That’s my prayer, too.
If anyone knows how to get in touch with Dr. Groothuis please contact me. I would dearly LOVE to record a video conversation with him about this specific objection he seems to have between what Athanasius and Richard Rohr [and I, myself] have to say about the Universal Christ.
Otherwise, I hope this post helps you navigate the discussion with a bit more clarity.
The Universal Christ incarnated in all Creation long before the Incarnation of Christ in Jesus.
Today, you and I are the ongoing Incarnation of Christ in the world moving forward.
Christ has no body now but yours.
Whatever you are doing in the world is what Christ is doing – or will ever do – in this world.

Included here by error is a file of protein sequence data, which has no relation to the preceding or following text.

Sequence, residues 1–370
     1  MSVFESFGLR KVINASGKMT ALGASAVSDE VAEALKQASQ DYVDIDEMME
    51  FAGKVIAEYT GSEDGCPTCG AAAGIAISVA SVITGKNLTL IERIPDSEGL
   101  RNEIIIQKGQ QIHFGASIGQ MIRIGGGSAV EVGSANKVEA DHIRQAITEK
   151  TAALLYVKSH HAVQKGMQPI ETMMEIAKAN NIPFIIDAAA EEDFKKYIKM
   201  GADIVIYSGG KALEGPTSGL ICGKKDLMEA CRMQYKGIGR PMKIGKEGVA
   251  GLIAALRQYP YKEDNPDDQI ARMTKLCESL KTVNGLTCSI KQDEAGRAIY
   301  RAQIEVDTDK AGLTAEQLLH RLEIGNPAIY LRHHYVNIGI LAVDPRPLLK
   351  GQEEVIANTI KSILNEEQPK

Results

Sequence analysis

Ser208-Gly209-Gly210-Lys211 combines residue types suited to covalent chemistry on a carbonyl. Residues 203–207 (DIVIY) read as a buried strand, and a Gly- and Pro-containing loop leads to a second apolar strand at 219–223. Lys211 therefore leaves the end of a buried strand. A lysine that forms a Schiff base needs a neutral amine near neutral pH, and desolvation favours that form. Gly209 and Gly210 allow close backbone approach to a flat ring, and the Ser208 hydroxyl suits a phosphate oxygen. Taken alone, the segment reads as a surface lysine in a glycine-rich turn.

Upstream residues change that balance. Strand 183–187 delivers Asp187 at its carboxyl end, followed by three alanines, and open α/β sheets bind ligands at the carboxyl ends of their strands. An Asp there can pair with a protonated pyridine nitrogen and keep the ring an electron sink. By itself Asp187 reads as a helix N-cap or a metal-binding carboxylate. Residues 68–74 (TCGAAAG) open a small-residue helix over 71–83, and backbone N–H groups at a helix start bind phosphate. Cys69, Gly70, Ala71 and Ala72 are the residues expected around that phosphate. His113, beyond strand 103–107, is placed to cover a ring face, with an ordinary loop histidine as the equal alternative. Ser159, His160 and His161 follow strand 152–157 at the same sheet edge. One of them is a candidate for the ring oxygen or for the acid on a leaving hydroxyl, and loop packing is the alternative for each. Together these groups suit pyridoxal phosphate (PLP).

The world won’t change until we change.
Let the transformation begin!
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Keith Giles is the author of the hot new bestseller, SOLA MYSTERIUM: Celebrating the Beautiful Uncertainty of Everything, available now on Amazon. Keith is also the host of Second Cup with Keith, a new solo podcast available now on the Ethos Radio App, for Apple and Android and on Spotify. Keith is also co-host of the long-running HERETIC HAPPY HOUR PODCAST.